mild hybrid system) and accelerates three-tenths quicker to 100km/h (now 5.3s). It’s built using the same component set as Audi’s recently reborn A8 limo and the upcoming one-size-smaller A6.
It’s a promising start, with a big dose of lightweight materials and extra rigidity. The cabin is roomier and under its liftback, luggage space is cavernous. It has a neatly integrated touchscreen control system shared with other brands from the Volkswagen group. The safety roster includes an exit warning system that delays door opening if it detects pedestrians or cyclists.
Moreover, it comes with most of what you want already fitted. “We’ve made a real point of making sure that everything the customer expects in this car is standard equipment,” says Ticehurst.
So the options catalogue has AUDI A7 SPORTBACK 55 TFSI
ENGINE: 3.0-litre turbocharged V6 petrol (250kW/500Nm) Average fuel 7.3 litres per 100km
TRANSMISSION: Seven-speed dual-clutch automatic, all-wheel drive
$131,900 been stripped right down. There’s one package for $8000, called Premium Plus, which bundles a sunroof, big wheels, adaptive suspension, ambient lighting, contrast stitching and four-zone aircon. If you must spend more, there are laser headlights, black exterior trim, all-wheel steering and a better Bang & Olufsen system. But there’s a chance, at least, that the eventual number will be similar to the one you first thought of.
Of course, when the 210kW diesel six (50 TDI) and 180kW petrol four (45 TFSI) arrive next year, that might change. But right now, Audi declares this as the way forward.
What you get is a long, crisply handsome car that cements the A7’s reputation as the most desirable of Audi’s sedans.
You sit immersed in a suitably quiet cabin lined with notch-above materials. The seats are a little wide for non-lunching execs but its redrawn dash shows Audi still has a knack with interiors.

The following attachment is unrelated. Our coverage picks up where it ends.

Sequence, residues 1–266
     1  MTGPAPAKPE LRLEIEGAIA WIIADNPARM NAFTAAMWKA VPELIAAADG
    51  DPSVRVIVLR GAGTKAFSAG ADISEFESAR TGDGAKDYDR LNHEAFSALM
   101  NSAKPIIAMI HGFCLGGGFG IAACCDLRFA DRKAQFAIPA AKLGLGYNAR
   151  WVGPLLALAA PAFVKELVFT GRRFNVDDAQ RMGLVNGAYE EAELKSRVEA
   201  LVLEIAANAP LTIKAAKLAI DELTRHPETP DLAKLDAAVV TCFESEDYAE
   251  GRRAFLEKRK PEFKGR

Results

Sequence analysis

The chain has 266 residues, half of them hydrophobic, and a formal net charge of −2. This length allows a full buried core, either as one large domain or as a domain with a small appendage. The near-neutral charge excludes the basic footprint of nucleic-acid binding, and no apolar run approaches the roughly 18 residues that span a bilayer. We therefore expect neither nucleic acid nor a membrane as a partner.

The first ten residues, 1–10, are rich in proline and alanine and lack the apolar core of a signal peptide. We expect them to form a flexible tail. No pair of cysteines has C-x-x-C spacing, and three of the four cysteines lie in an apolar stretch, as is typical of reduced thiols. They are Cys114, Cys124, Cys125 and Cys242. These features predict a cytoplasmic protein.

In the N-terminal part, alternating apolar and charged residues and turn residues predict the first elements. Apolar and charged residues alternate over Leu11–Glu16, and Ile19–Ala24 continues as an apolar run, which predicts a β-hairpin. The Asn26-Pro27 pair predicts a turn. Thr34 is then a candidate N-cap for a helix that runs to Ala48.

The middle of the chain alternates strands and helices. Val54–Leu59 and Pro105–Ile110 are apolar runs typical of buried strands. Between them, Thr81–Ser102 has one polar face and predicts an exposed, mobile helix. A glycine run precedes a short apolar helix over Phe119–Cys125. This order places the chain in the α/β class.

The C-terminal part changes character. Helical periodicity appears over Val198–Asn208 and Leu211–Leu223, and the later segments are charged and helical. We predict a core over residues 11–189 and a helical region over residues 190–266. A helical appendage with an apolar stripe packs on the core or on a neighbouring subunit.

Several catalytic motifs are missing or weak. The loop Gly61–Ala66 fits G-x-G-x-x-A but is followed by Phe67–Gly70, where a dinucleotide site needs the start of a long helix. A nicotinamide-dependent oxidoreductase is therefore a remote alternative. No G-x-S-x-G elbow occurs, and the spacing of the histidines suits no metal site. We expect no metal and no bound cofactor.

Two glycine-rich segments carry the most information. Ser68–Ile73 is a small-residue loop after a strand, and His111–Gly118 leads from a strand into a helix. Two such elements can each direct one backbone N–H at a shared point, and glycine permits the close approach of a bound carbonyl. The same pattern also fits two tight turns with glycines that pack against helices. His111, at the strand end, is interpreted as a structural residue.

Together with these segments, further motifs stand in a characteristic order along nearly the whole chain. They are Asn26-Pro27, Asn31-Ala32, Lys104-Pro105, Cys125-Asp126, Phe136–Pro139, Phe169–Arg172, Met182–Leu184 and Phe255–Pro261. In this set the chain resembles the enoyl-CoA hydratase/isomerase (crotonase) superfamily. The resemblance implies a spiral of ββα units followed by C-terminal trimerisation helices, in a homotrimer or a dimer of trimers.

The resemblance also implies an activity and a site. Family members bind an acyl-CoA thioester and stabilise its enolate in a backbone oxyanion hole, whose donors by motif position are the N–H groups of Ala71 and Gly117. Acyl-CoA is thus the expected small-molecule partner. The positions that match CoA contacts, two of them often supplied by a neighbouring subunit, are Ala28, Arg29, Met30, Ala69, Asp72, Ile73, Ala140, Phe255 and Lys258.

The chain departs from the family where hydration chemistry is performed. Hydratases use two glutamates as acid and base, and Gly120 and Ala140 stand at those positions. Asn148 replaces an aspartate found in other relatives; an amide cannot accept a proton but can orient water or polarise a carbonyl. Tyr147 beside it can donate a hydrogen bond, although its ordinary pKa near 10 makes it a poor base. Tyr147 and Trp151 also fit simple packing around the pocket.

The touchscreen controls give feedback when you hit the target, but someone needs to tell car companies that knobs are easier to locate for the basics, like temperature. Still, the overall effect is modern and premium.
Until the more focused S7 and RS7 come along, this engine is likely to be the pick. It’s discreet but effective with urgency available on demand, accompanied by a livelier soundtrack.
Despite the frequent use of the word “sportscar” during the presentation, this is a grand tourer. The steering is too light and in tight bends, the car reveals its mass by pitching in a little more than ideal. Its natural territory reveals its strengths: it laps up long, open corners at speed with poise. Given the huge 21-inch wheels fitted to all the test cars, the ride was detailed but composed.
Audi says it’s determined to leave a bigger footprint in the luxury market and it will be interesting to see whether the A7 can deflect a few buyers from SUVs.
My guess: probably not. But through no fault of the car. Because for once, the price is (nearly) right.